|Dr. P. R. Anthonis
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|Author:||Rohan2 [ Sun Feb 12, 2006 1:56 am ]|
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Dr. P. R. Anthonis
Dr. Anthonis at 95, an icon of our times
By Carlo Fonseka
@ The Island / 12Feb2006
Desamanya Dr. P. R. Anthonis
Fellow of the Royal College of Surgeons, England
Order of the Sacred Treasure of Japan
On 21 January 1911 was born the child destined to become the doctor whose brain and hands conspired to save the greatest number of lives in Sri Lanka in the 20th century. Born as he was in the heyday of Western colonialism, the child was named Romiel Anthonis. He came to be known to fame as Dr. P. R. Anthonis, the surgeon of the rulers and of the common people of this country. Judged by the criterion of preventing the greatest number of deaths by the dexterous use of one’s own hands, Dr. Anthonis must surely be reckoned the greatest doctor who operated in this country, in the past century, if not, indeed, in the past millennium. We rejoice in the fact that he is still so bristling with life. Doing justice to his long blessed life and prodigious work requires an outsize essay and I fervently hope that the editor would be indulgent to me for his sake. For he is almost certainly the last survivor among the great and the good in our profession who flourished and peaked in the 20th century.
To do justice to him one has not only to recount the miracles he wrought with his healing knife. One has also to set his life story in the broader canvas of this country’s social evolution under British rule in the 20th century. In the early decades of that century there was one and only one road open to the children of "nobodies" to compel at least the unwilling attention of "somebodies" comprising the exclusive group of Mudaliyars whose toadying loyalty to the British rulers had been amply rewarded by grants of landed property, and even more important, social recognition by the rulers. In such a context there was no royal road available to the children of "nobodies" seeking upward social mobility. The only road open to them was the arduous one of scholastic achievement. What the "nobodies" who made it to the top in those days indelibly engraved on their memories was the precise number of prizes and medals they had won in school and at public and professional examinations. As it happened, when I asked Dr. P. R. Anthonis the leading question, "Sir, what do you think made you tick?" without a moment’s hesitation he rattled off from memory his primary, secondary and medical school record. Indeed, detailed accounts of school prize givings were published in the leading newspapers of that time. In Dr. Anthonis’s scrap book there is a clipping from the Morning Leader of 11 December 1926. It is a report of the first prize-day at St. Joseph’s College, South (which later metamorphosed into St. Peter’s College, Colombo 4). It says, "There were tremendous cheers when young P. R. Anthonis walked up to the platform to receive five prizes" (General Proficiency, Latin, French, Mathematics and Science in primary school). In secondary school he won all but one of the nine available prizes. (As a Buddhist in a Roman Catholic school he was not eligible to compete for the prize in Religious Knowledge). In due course he was appointed the Senior Prefect of the school.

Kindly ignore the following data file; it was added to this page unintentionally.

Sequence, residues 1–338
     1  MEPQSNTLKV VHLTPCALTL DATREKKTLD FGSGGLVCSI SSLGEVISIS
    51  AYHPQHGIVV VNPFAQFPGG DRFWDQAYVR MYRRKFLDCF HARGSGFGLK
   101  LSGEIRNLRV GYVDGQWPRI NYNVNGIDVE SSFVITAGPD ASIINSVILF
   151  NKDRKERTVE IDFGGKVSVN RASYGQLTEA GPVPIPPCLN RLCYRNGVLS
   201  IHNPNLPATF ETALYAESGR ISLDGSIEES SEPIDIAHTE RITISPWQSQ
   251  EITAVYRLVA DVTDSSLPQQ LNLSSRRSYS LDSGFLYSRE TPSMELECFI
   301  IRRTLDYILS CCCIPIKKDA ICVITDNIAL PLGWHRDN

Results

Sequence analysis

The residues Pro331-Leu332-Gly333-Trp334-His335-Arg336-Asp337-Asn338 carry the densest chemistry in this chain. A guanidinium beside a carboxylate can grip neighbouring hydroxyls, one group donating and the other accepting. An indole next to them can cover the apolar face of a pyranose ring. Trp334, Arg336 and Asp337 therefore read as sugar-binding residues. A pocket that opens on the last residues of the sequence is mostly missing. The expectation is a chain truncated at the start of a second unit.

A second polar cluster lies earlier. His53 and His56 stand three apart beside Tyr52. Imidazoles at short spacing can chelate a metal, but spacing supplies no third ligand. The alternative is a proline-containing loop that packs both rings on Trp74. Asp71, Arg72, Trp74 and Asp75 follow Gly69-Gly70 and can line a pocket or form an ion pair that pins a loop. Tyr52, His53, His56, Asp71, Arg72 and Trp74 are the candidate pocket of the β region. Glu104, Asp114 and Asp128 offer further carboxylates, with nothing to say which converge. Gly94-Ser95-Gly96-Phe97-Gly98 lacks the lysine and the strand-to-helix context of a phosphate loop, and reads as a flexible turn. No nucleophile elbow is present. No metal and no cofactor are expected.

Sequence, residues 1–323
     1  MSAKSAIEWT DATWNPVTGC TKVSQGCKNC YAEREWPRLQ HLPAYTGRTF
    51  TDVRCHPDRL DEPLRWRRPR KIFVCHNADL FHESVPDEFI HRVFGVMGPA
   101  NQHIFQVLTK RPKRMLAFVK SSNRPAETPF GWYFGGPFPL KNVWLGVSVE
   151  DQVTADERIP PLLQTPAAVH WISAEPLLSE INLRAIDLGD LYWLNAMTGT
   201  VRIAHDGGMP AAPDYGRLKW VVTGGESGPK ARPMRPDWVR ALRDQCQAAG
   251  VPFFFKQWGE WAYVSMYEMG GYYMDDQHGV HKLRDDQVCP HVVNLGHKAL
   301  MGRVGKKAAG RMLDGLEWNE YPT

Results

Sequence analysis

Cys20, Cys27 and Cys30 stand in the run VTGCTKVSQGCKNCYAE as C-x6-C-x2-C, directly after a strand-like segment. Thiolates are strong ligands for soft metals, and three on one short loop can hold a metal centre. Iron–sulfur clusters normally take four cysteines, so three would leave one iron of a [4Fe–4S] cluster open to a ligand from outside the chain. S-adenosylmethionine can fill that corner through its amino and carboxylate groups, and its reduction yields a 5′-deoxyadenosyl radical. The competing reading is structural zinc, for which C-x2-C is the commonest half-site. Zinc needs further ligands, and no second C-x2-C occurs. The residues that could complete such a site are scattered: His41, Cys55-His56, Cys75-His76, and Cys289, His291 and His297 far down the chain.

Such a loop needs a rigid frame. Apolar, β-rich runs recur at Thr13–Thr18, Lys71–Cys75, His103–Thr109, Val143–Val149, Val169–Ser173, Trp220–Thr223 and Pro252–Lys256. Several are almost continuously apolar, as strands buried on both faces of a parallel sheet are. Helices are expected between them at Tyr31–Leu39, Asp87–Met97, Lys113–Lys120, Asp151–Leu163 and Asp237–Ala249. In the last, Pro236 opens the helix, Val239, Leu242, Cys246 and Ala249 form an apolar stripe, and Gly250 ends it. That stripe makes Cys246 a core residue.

His school career full of promise was fulfilled in the Colombo Medical School. He came first in the first class in all professional examinations winning gold medals for surgery, forensic medicine and pathology. What he remembers with special pride is the fact that he won the Government Diploma Medal awarded to students who come first in the final professional examination provided they have attained a very high level of competence. Over the years students who later went on to become famous physicians had won this medal. To this day Dr. Anthonis exults in the fact that when he won the Government Diploma Gold Medal in 1936 he was the only future surgeon to have done so during the 11 years that had elapsed after Dr. M. V. P. Peiris won it in 1925.
World War III interrupted the careers of many medical professionals. It was after the war that Dr. Anthonis went to England to obtain specialist qualifications in Surgery. He has preserved records which show that when he, with eight other Ceylonese, sat the final FRCS Examination in 1947, he was the only one who was successful. Thereby he became the first Ceylonese Surgeon to sail through the primary and final examination for the Fellowship of the Royal College of Surgeons of England (FRCS) without a single examination mishap. He returned to Sri Lanka and was duly appointed Consultant Visiting Surgeon at the General Hospital in 1947 and served in that capacity until he retired on 21 January 1971.
Ideal of Service